ESPN was founded by Bill Rasmussen, his son Scott Rasmussen and Aetna insurance agent Ed Eagan,[1] Bill, who had an affinity with sports for much of his life, was fired from his position as the communications manager for the Hartford Whalers in 1978.[1] During his tenure with the Whalers, Rasmussen had met Eagan who displayed an interest in building a career in television. Eagan approached Bill with the idea of creating a monthly cable show covering Connecticut sports and was curious to see if the Whalers would be interested in being the main feature on the show.[1]

Though discouraged by his firing, Rasmussen and Eagan began to discuss a new course; Rasmussen’s original idea was to create a cable television network that focused on covering all sporting events in the state of Connecticut (for example, the Whalers, Bristol Red Sox, and the Connecticut Huskies) rather than just one team as Eagan proposed.[1] Rasmussen knew little about cable television at the time and with under 20 percent of homes receiving cable, the task to create such a network was tedious.[2]

In the summer of 1978, the Rasmussens with Eagan and his associate Bob Beyus, who owned a video production company, began to seek out support from cable operators and potential investors for the sports channel which they had come to name ESP, the Entertainment and Sports Programming Network.[2] They began to pitch their idea on June 26, inviting twelve representatives from local cable operators—only five accepted the offer. The present representatives were skeptical of the concept and stated it would be impractical and too costly to take a risk on something that would seemingly falter.[2] Despite the setback, the team held a press conference to help spread the word. Thirty five reporters were invited. Only four appeared and were less than enthusiastic about the prospects of the company.[2] Beyus felt the future of ESP was in doubt and departed following the conference.[3]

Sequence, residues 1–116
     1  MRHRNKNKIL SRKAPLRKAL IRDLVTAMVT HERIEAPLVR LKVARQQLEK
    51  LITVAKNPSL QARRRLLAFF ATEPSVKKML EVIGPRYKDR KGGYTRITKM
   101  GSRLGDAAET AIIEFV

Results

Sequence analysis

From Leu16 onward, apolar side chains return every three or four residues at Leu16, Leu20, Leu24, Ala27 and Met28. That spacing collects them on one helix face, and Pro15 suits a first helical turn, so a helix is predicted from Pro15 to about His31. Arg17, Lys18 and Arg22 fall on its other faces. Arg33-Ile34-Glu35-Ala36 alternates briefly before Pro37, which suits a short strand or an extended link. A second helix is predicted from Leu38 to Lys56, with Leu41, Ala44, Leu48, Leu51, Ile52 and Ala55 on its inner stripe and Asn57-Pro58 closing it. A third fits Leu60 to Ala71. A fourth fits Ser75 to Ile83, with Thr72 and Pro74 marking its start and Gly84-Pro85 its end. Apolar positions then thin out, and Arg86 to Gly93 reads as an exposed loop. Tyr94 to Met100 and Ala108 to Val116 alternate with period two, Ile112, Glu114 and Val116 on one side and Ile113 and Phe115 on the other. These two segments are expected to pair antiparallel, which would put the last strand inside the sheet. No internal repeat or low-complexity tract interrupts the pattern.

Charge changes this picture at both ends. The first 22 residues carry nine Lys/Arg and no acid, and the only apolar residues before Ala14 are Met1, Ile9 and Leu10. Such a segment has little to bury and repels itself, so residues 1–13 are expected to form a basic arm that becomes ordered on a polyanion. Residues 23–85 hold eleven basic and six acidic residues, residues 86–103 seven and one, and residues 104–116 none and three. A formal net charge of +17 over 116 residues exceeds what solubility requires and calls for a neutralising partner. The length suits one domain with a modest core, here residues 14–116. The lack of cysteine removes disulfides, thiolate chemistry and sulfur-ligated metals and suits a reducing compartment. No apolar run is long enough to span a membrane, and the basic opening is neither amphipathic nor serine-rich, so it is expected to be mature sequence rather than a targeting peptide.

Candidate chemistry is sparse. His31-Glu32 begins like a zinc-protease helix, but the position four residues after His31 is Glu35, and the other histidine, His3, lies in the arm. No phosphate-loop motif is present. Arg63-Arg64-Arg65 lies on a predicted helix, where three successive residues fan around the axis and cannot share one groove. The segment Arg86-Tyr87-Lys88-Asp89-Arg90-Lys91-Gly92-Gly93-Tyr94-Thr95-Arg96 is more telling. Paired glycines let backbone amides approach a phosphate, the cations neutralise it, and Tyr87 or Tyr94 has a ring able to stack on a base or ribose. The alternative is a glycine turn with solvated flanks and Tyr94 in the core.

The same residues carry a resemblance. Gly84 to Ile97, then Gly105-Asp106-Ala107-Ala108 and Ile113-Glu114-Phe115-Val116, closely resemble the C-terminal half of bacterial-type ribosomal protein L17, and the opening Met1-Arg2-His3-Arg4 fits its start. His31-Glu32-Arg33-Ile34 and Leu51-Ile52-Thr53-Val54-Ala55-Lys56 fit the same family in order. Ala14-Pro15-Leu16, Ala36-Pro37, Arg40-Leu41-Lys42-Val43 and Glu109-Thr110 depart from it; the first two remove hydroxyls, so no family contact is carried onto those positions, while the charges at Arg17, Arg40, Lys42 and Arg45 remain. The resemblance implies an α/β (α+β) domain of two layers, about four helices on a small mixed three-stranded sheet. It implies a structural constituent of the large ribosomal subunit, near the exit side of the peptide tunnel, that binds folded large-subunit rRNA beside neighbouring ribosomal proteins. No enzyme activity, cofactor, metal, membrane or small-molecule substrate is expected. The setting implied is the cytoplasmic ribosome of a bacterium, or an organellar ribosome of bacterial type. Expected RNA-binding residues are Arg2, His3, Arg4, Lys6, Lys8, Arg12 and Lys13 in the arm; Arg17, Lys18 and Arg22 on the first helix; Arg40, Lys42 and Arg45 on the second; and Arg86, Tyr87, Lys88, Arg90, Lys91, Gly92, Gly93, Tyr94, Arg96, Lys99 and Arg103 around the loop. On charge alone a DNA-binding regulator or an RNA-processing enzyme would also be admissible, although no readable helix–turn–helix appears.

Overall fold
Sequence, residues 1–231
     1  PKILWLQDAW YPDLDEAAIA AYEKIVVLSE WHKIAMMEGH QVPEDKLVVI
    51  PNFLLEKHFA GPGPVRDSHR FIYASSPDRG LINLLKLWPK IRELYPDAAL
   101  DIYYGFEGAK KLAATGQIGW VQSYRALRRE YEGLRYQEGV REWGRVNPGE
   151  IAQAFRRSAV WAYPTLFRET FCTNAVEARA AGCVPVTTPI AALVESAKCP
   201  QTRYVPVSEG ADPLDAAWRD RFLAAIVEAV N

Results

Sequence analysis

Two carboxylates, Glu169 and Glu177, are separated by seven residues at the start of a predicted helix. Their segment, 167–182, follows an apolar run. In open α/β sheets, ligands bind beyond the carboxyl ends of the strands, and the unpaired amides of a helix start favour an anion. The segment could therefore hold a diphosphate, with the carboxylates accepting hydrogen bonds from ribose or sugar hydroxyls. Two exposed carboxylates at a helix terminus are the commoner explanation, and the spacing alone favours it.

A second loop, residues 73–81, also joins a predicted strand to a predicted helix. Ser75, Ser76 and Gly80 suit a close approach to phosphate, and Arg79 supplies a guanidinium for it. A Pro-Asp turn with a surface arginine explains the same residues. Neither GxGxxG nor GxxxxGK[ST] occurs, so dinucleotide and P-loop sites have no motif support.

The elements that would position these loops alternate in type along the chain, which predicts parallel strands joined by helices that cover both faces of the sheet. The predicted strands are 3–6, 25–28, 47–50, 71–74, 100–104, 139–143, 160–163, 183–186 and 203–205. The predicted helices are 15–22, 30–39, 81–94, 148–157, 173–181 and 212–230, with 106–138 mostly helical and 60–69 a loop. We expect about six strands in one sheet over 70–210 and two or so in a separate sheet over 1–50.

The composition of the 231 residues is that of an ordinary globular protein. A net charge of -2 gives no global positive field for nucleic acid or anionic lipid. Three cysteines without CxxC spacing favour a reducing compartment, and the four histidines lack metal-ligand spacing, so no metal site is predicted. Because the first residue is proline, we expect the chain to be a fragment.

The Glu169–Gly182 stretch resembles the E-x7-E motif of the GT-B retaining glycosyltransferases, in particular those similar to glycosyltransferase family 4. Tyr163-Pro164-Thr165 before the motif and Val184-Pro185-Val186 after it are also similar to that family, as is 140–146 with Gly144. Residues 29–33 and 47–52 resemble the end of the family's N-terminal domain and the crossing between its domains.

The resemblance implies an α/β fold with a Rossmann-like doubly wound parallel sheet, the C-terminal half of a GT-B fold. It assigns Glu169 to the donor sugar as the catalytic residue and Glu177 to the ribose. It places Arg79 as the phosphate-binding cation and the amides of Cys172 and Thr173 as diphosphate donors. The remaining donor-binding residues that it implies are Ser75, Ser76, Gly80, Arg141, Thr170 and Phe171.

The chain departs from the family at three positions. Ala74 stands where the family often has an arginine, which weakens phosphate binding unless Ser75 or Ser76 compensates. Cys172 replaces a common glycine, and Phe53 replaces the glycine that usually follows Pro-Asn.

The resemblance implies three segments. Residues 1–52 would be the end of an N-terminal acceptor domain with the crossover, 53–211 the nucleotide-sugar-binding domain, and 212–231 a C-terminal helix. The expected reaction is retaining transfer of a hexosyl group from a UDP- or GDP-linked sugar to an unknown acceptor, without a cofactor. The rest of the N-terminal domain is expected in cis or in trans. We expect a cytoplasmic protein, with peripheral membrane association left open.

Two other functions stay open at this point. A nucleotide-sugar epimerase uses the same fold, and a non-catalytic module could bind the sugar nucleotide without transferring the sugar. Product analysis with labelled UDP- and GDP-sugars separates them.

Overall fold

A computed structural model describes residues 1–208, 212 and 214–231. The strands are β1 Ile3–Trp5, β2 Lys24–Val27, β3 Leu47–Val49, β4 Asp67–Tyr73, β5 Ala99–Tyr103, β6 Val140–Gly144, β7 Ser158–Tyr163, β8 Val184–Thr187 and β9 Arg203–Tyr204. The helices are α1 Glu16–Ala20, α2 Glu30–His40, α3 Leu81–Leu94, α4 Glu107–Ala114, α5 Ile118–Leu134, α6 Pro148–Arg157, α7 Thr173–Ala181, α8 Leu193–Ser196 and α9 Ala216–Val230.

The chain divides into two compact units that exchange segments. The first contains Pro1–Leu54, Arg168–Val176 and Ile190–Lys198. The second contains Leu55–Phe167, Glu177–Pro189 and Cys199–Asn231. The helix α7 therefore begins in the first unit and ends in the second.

In spite of these initial difficulties, ESP Network was incorporated on July 14, 1978 for a fee of $91.[3] The trio still had to find a way to broadcast their new sports channel and began their research at United Cable where they were told about a new means of television communication, satellite communication.[3] They were then directed to RCA, which had experience in satellite communication having launched a SATCOM and used the technology frequently in Europe; the concept was still new in the United States and wasn’t immediately embraced.[3] Al Parinello, who was hired by RCA to promote the new technology, received a phone call from Rasmussen and wanted to meet with him in person.[4] At the meeting, Bill explained they were interested in regional sports broadcasting however Parinello explained that with satellite communication, their channel could be broadcasted across the country.[4] Furthermore, when they were informed that buying a continuous 24-hour satellite feed was less expensive than sending the signal across Connecticut via landlines, they agreed to buy the transponder for the satellite.[4]

With a wider audience to appeal to, they began to retool their original concept and on August 16, 1978, both father and son agreed that the channel would show all types of sports twenty-four hours a day, have a half-hour sports show every night, hire sportscasters and buy a fleet of trucks to travel across the nation covering various sporting events.[5] Putting together money from various family members and associates, they put down $30,000 for the transponder.[6] The group then had to search for property to setup their headquarters. They originally began looking for land in Plainville, however due to an ordinance that prohibited satellite dishes, ESP could not settle there.[7] Instead, they chose to buy a parcel of land for $18,000 in [Bristol][26] that had been built on a [dump][27]; the satellite signal was unaffected in the area, making it an ideal location.[7]

For more on the history of ESPN read ESPN The Company: The Story and Lessons Behind the Most Fanatical Brand in Sports.